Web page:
The Festival of Stolen Culture

Recently, I have seen a poster of the so-called “Festival of Russian Culture in India” in the city where I live, organized by the local Russian consulate. There were three events on the list. The first one was the Dagestani dance performance. The second — the ensemble of the Cossack song “Krinitsa”. And last but not the least there was an ensemble playing in the “crossover” genre and that is also a perfect illustration to what I am about to say.

The musical genre “crossover” is by definition associated with cultural appropriation, using the distinctive qualities of different national music traditions to appeal to mass tastes. And cultural appropriation, let me kindly remind you with a Wikipedia quote, “is the inappropriate or unacknowledged adoption of an element or elements of one culture or identity by members of another culture or identity. This can be controversial when members of a dominant culture appropriate from minority cultures.

The word “krinitsa” does not exist in a Russian language, it exists in Belarusian and Ukrainian ones. “Krinitsa” means “a well” rendered in Russian by all the dictionaries with totally different words with different roots.

As for the Dagestani dance performance, the word “Dagestan” is of Turkish or a Persian origin and means “the land of mountains”. It is located in the Caucasus mountain range and nowadays is Russia’s most heterogeneous republic with more than 40 different ethnicities most of whom speak either Caucasian or Turkic or Iranian languages. Not much to do with ethnic Russian culture, but this land just happened to end up under Russian rule.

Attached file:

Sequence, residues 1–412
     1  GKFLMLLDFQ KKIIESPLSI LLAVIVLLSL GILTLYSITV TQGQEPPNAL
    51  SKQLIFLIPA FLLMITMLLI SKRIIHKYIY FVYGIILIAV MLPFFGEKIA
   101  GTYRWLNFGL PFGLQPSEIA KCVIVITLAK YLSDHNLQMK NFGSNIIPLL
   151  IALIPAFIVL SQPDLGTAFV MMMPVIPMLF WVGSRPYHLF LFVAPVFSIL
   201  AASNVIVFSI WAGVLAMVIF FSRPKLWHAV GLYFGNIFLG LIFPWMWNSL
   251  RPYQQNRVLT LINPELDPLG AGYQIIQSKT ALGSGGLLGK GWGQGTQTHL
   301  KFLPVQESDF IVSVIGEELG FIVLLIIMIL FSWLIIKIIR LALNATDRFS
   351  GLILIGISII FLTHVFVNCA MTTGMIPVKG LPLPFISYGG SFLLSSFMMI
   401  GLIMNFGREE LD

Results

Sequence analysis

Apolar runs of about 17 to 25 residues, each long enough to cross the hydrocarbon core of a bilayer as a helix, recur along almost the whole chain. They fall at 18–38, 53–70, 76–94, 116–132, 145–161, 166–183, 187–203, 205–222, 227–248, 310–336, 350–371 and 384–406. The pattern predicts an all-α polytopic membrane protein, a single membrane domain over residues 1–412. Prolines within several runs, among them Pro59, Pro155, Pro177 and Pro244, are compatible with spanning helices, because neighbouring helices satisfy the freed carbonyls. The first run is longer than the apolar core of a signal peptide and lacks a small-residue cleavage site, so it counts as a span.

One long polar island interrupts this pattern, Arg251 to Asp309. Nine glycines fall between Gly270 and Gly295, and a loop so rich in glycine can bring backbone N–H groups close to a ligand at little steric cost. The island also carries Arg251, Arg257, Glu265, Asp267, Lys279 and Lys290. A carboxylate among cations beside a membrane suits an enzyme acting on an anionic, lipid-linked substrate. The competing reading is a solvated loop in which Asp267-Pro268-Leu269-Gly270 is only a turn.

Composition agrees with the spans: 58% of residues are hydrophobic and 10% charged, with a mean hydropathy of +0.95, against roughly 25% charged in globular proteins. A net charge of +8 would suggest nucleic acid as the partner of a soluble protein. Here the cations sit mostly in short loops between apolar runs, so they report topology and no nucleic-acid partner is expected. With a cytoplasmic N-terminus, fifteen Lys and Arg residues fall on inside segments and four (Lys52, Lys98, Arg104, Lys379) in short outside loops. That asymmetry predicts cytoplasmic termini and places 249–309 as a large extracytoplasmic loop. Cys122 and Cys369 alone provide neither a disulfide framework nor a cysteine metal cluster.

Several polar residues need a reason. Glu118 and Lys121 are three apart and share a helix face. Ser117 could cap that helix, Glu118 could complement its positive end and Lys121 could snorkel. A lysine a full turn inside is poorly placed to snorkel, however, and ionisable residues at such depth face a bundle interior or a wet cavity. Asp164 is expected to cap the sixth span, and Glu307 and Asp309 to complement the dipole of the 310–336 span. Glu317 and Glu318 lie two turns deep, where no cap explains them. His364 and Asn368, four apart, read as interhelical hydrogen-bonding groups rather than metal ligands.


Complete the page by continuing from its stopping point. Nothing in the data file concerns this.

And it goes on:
Why would a Russian ensemble choose a Belarusian or Ukrainian name if they were representing an authentic Russian culture? Why do they think that a Dagestani dance can represent their culture? Why is cultural appropriation a core of Russian culture in general? Don’t they have their own? Or maybe they just built the myth of the “great” culture while absorbing all the best from the suppressed nations and presenting it like their own?

Let me confirm this statement with the two most known symbols of Russian culture: matryoshka dolls and borscht, both so much recognised around the world. Recently, UNESCO put borscht in its “Endangered Heritage List”, officially proving its Ukrainian origin and protecting this culinary heritage from being appropriated by the aggressor. And now, matryoshkas. Guess what, the concept was also stolen! Originally, they come from Japan known there as “kokeshi”. At the end of the 19th century, a Russian entrepreneur Savva Mamontow brought a set of such dolls, the figurines of the seven deities of happiness and had his painter put a peasant face of a Russian woman on it. Good luck googling that!

And so, why would you call a cultural festival with the name of the culture it does not represent?

Author: Iryna Vikyrchak, Ukrainian writer

Illustrator: Victoria Boyko

Content Editor: Maryna Korchaka

Program Directors: Julia Ovcharenko and Demyan Om Dyakiv Slavitski